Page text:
• Solomon E.R.
      • Frick A.C.
      • Paraiso M.F.R.
      • Barber M.D.
      Risk of deep venous thrombosis and pulmonary embolism in urogynecologic surgical patients.
      The timeframe for postoperative pulmonary complications was treatment or readmission for 1 of these 4 diagnoses within 365 days after surgery. Among those subjects who experienced postoperative pulmonary complications, inpatient and outpatient diagnoses and radiology reports were reviewed for information on the surgical procedure that had been performed and the patient's postoperative course. Charts were abstracted through all visits up to Dec. 31, 2009. No charts had incomplete information. The diagnosis of postoperative pulmonary complications that were gathered from ICD-9 codes overestimated the number of pneumonias by 10 patients, atelectasis by 15 patients, pneumothorax by 4 patients, and respiratory failure by 101 patients.
      To validate the Current Procedural Terminology codes with the correct diagnosis, we conducted an electronic medical record review on every chart to be certain that the Current Procedural Terminology code that was recorded matched the actual diagnosis within the electronic patient chart. If the patient did undergo hysterectomy, patient demographics and surgical history, type of hysterectomy, type of incision, concomitant procedures, and length of follow-up period at our institution were also collected. The route of hysterectomy was recorded as laparoscopic, vaginal, or abdominal. Laparoscopic hysterectomies included laparoscopic vaginal hysterectomy, laparoscopic supracervical hysterectomy, and total laparoscopic hysterectomy and all robotic-assisted hysterectomy cases. Any procedure that was not intended initially to be performed transabdominally, but was eventually completed by an abdominal incision, was considered an abdominal hysterectomy. Incision type was recorded for the abdominal approach and included Pfannenstiel, Maylard, Cherney, and midline vertical laparotomy incisions. During this chart review, we excluded patients who were <18 years old, who had had gynecologic surgery for malignancy, who had had combined benign gynecology and thoracic operations, who had undergone combined benign gynecology and upper abdominal operations, or who had incomplete medical records.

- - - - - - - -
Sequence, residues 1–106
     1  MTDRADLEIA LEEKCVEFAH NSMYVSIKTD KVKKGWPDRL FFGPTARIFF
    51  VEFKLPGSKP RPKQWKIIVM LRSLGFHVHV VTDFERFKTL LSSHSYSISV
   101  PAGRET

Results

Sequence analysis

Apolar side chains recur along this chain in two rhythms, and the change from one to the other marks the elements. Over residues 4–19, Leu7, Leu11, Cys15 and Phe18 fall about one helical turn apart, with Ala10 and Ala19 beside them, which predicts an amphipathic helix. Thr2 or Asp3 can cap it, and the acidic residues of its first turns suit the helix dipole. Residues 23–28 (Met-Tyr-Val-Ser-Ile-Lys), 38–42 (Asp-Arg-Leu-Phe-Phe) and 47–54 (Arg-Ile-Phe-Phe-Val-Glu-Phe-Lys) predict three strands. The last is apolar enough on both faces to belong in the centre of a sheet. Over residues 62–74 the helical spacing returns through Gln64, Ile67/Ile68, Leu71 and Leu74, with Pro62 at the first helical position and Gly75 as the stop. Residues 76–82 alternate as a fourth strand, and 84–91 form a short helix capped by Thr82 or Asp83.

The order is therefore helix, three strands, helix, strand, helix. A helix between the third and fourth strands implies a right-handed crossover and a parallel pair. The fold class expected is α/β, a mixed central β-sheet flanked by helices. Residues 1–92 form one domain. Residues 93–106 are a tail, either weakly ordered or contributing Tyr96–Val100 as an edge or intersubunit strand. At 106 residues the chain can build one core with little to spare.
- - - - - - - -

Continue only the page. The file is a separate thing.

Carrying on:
Using statistical software (JMP, version 9.0; SAS Institute, Cary, NC), we calculated the frequency and 95% confidence interval of postoperative pulmonary complication incidence. Visual evaluation of the data was performed with a histogram and statistician. Skewed data were represented with medians and ranges where appropriate. Fisher exact test was used to evaluate the relationship between postoperative pulmonary complications and categoric variables; the rank-sum Wilcoxon test was performed to evaluate the relationship between postoperative pulmonary complications and continuous variables.

      Results